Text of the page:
buckshot; while the other, who was somewhat the more experienced
hunter, ran on to the next cabin and got his big Snider rifle. The
moose, meanwhile, having watched the men fairly indoors, turned aside
and fell to browsing on the tiny poplar saplings which grew along the
top of the field.


Saying nothing to their people in the houses, after the reticent
backwoods fashion, Sandy and Lije strolled carelessly down the road
till the potato-field was hidden from sight by a stretch of young
second-growth spruce and fir. Up through this cover they ran eagerly,
bending low, and gained the forest of rampikes on top of the hill.
Here they circled widely, crouching in the coarse weeds and dodging
from trunk to trunk, until they knew they were directly behind the
potato-field. Then they crept noiselessly outward toward the spot
where they had last seen the moose. The wind was blowing softly into
their faces, covering their scent; and their dull gray homespun
clothes fitted the colour of the desolation around them.

Now it chanced that the big bull had changed his mind, and wandered
back among the rampikes, leaving the cow and calf at their browsing
among the poplars. The woodsmen, therefore, came upon him unexpectedly.
Not thirty yards distant, he stood eying them with disdainful
curiosity, his splendid antlers laid back while he thrust forward his
big, sensitive nose, trying to get the wind of these mysterious
strangers. There was menace in his small, watchful eyes, and
altogether his appearance was so formidable that the hunters were
just a trifle flurried, and fired too hastily. The big bullet of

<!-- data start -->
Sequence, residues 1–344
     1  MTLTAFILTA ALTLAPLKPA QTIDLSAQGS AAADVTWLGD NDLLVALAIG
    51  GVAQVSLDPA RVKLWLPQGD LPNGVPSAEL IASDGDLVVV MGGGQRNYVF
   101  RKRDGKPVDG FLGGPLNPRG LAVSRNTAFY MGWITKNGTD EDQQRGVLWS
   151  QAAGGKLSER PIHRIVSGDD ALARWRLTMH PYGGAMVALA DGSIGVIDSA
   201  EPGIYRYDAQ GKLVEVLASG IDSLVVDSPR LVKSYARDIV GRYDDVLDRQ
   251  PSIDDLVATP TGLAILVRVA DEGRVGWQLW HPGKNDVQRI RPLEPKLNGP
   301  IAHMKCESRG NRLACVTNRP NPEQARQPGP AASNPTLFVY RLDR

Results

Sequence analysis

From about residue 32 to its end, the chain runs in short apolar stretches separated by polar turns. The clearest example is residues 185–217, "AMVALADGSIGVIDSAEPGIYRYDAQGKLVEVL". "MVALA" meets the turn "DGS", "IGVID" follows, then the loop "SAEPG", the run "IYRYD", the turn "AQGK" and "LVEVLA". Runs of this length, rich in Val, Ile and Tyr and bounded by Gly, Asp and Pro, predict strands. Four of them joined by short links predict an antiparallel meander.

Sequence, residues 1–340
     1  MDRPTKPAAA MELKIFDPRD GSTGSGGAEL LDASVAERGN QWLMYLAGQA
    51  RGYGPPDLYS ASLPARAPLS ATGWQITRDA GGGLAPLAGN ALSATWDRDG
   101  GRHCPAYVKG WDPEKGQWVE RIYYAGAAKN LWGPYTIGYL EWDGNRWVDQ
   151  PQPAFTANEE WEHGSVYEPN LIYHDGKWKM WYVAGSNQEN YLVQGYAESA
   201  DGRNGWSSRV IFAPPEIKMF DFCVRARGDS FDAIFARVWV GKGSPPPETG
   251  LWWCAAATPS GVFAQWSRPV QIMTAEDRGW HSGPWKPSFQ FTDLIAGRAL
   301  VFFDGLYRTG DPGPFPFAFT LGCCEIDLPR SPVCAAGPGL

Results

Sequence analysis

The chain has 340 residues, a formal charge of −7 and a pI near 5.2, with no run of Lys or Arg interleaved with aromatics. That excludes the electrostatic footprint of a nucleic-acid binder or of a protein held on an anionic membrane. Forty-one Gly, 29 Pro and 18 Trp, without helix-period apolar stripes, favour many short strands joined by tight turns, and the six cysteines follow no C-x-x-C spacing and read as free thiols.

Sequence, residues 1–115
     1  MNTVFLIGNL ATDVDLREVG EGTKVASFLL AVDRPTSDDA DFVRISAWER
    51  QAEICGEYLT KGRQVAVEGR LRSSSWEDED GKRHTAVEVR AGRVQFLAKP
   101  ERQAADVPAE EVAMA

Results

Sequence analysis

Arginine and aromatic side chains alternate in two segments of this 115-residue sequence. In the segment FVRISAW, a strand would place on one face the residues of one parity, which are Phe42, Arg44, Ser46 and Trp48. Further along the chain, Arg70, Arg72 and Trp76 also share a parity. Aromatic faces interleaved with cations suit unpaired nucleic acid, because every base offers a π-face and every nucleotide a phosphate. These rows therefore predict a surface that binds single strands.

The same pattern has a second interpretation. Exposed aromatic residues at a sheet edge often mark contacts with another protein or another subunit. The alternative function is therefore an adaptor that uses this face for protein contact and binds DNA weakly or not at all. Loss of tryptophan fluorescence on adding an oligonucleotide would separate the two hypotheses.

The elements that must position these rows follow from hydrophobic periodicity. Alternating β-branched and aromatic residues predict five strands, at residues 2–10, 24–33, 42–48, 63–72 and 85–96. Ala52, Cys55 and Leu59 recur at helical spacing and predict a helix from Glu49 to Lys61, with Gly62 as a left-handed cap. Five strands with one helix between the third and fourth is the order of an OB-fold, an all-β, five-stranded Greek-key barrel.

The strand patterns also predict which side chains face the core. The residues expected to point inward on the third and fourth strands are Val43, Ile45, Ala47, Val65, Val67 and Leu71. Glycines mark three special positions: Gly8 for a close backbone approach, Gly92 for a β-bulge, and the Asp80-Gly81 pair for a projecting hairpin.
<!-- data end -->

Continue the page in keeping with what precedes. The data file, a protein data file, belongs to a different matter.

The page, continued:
Lije's Snider went wide, while a couple of Sandy's buckshot did no
more than furrow the great beast's shoulder. The sudden pain and the
sudden monstrous noise filled him with rage, and, with an ugly
grunting roar, he charged.

"Up a tree, Sandy!" yelled Lije, setting the example. But the bull was
so close at his heels that he could not carry his rifle with him. He
dropped it at the foot of the tree, and swung himself up into the dead
branches just in time to escape the animal's rearing plunge.

Sandy, meanwhile, had found himself in serious plight, there being no
suitable refuge just at hand. Those trees which were big enough had
had no branches spared by the fire. He had to run some distance. Just
as he was hesitating as to what he should do, and looking for a rock
or stump behind which he might hide while he reloaded his gun, the
moose caught sight of him, forgot about Lije, and came charging
through the weeds. Sandy had no more time for hesitation. He dropped
his unwieldy musket, and clambered into a blackened and branchy
hackmatack, so small that he feared the rush of the bull might break
it down. It did, indeed, crack ominously when the headlong bulk
reared upon it; but it stood. And Sandy felt as if every branch he
grasped were an eggshell.